Thermoformer prepares to bring IML to US


SPRINGFIELD, OHIO (Feb. 23, 10:40 a.m. ET)  — Tech II Inc., a packaging company that injection molds food containers, bowls, cups and lids, is poised to make plastics-industry history — in thermoforming — as the first North American processor to do in-mold labeling with thermoforming.

“We’re out there pitching this to every person that’ll listen to us,” said President Dave Shiffer.

According to Shiffer, IML thermoforming will put the family-owned firm in the lead in what could be a fast-growing technology. Tech II is investing nearly $6 million to add equipment and build a 65,000-square-foot warehouse, to free up previous warehouse space to house the thermoforming operation.

He said the time is right to make the investment.

Tech II President Dave Shiffer and Vice President Andrea Shiffer Tullis with sample parts thermoformed using in-mold labeling (Plastics News photo by Bill Bregar)

“We felt like the stars aligned and we were at the right place with the right people and the right abilities. And the need was there. We felt like, to set us apart from our competitors, we wanted to do something different,” Shiffer said in a mid-January interview at Tech II in Springfield.

Tech II has purchased a model FT3500 machine from Thermoforming Systems LLC and an IML system, including the mold and automation, from Hekuma GmbH. The FT3500 has TSL Tilt Technology, so the bottom platen rotates to allow the Hekuma system access to insert the label into the mold, then remove the parts again after forming. The forming tool measures 30½ inches wide by 17¾ inches long. Maximum part depth is 6 inches.

Tech II officials traveled to Hekuma in Eching, Germany, in early February to run trials on the roll-fed machine. Production should begin in April.

Tech II has already installed some water-cooling equipment and in the production space.

The company runs 50 injection molding machines in Springfield, turning out high-volume food-packaging products — and none of them do in-mold labeling. IML is popular for injection molded food packaging in Europe, and the technology is growing for injection in the U.S. But Shiffer said leaders of Tech II don’t want to be “just another company doing IML.”

Over the years, they also looked at getting into thermoforming, but the same principle applied: There are a lot of good thermoformers out there.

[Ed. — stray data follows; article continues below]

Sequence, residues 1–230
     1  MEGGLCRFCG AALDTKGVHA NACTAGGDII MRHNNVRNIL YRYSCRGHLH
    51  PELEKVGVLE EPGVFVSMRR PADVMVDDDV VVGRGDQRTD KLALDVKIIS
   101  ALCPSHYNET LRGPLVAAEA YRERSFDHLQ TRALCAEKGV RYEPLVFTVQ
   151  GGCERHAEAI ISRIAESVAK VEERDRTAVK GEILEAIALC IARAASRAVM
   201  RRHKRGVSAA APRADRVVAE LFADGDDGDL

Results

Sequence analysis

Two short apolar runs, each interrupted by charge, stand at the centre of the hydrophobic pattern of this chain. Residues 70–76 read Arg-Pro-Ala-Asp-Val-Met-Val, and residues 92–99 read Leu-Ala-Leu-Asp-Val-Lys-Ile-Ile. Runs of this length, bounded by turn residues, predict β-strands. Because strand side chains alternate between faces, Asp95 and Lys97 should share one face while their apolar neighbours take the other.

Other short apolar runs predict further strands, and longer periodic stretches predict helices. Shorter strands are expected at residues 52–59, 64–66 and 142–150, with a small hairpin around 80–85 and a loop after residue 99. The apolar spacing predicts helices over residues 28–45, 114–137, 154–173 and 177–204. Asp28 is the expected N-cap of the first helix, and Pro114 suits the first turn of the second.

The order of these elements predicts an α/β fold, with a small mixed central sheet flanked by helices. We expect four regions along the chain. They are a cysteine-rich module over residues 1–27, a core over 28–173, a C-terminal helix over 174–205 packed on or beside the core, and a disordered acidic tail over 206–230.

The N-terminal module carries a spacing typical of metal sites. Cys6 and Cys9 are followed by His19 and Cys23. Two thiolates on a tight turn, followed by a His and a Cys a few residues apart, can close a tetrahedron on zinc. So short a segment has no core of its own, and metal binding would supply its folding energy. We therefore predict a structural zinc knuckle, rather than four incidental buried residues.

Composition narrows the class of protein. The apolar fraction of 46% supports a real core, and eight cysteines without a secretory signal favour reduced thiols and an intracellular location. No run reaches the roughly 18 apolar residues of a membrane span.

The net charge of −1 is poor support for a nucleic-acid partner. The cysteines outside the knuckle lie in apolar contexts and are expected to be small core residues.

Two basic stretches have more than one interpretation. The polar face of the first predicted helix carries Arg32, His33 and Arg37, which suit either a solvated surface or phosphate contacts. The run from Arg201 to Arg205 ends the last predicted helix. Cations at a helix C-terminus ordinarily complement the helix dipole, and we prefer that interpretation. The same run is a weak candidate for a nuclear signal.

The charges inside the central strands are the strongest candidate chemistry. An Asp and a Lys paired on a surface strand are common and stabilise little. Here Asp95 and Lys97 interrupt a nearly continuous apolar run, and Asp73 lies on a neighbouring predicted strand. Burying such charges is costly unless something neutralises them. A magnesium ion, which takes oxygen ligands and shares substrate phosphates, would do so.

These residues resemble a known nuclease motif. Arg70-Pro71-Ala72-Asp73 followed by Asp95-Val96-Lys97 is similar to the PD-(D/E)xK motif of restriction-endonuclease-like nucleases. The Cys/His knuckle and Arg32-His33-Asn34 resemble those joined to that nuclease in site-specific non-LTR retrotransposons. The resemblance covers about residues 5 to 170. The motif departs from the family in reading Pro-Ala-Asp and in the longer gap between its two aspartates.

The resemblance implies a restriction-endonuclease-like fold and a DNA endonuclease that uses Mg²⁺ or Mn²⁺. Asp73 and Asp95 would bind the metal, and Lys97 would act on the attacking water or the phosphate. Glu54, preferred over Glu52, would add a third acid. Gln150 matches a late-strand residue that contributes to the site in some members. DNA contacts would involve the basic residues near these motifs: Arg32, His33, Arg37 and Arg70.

But thermoforming with IML, Shiffer said, now that’s something different: groundbreaking.

In Europe, a handful of companies do thermoformed IML, according to Mark Strachan, president of Global Thermoforming Technologies Inc., a consulting firm working with Tech II on the project.

“Tech II basically is pioneering it in the American market,” he said.

Strachan said in-mold labeling with thermoforming has been done before, but it could be slow and cumbersome. Plastic packaging manufacturing needs to be rapid-fire and precise. “Because of the development in labels and the technology in thermoforming, we can now do it a lot faster, which becomes a more feasible project going forward,” he said.

The label can cover all sides of the package, providing an attractive graphic display that stands out on grocery store shelves.

Strachan and Shiffer both think IML thermoforming will take business away from injection molded IML food packaging. For one thing, thermoformed packaging can use barrier-layer sheet. Strachan said injection molding has that capability, but must maintain a certain side-wall thickness. Because it can run with very high cavitation, thermoforming can pump out huge volumes of parts. Plus, Strachan said, thermoforming allows users to “dial-in the thickness of the part” by adjusting material distribution through pre-stretching, using plug-assist.

Thermoforming can also make rectangular and square shapes, and IML puts an attractive face on them. Most printers for packaging are designed for round containers, which they can print at high speeds. Shiffer said Tech II is honing in on this niche for its new thermoforming line. “If you want good graphics on a barrier, non-round, where do you go? This is where we’re getting a lot of traction,” he said.

Innovation has been an important part of Tech II since his father, Gerald Shiffer, founded it in 1969. He had been an engineer at Buckeye Molding Inc., an early maker of plastic lids in New Vienna, Ohio. That plant is now part of Huhtamaki Inc.

In 1974, Tech II moved to a new 10,000-square-foot building, its current location, and the business continued to grow. Tech II claims to be the first company to develop lids for microwavable convenience foods, such as Campbell’s soup.

Gerald Shiffer was killed in 2005 when his private jet crashed.

Dave Shiffer, who joined the company in 1992 and worked his way up to operations manager, said family members thought hard about the future.

“There was definitely a place where we decided, hey, this is more than just a place where we punched a clock every day. This is ours. We’re taking ownership. We’re going to do something with the company,” recalled Shiffer, who shares day-to-day management with his sister, Andrea Shiffer Tullis, the vice president.

IML thermoforming is an extension of that thinking. “We’re trying to do something different. We’re trying to do something exciting. We don’t want to be just sitting around waiting for things to happen,” he said.

Strachan said the Tech II owners are forward-thinking. “They’re constantly figuring out ways to be on the cutting edge of technology. Dave always wants to look and find something new,” he said.

Source: Plastics News

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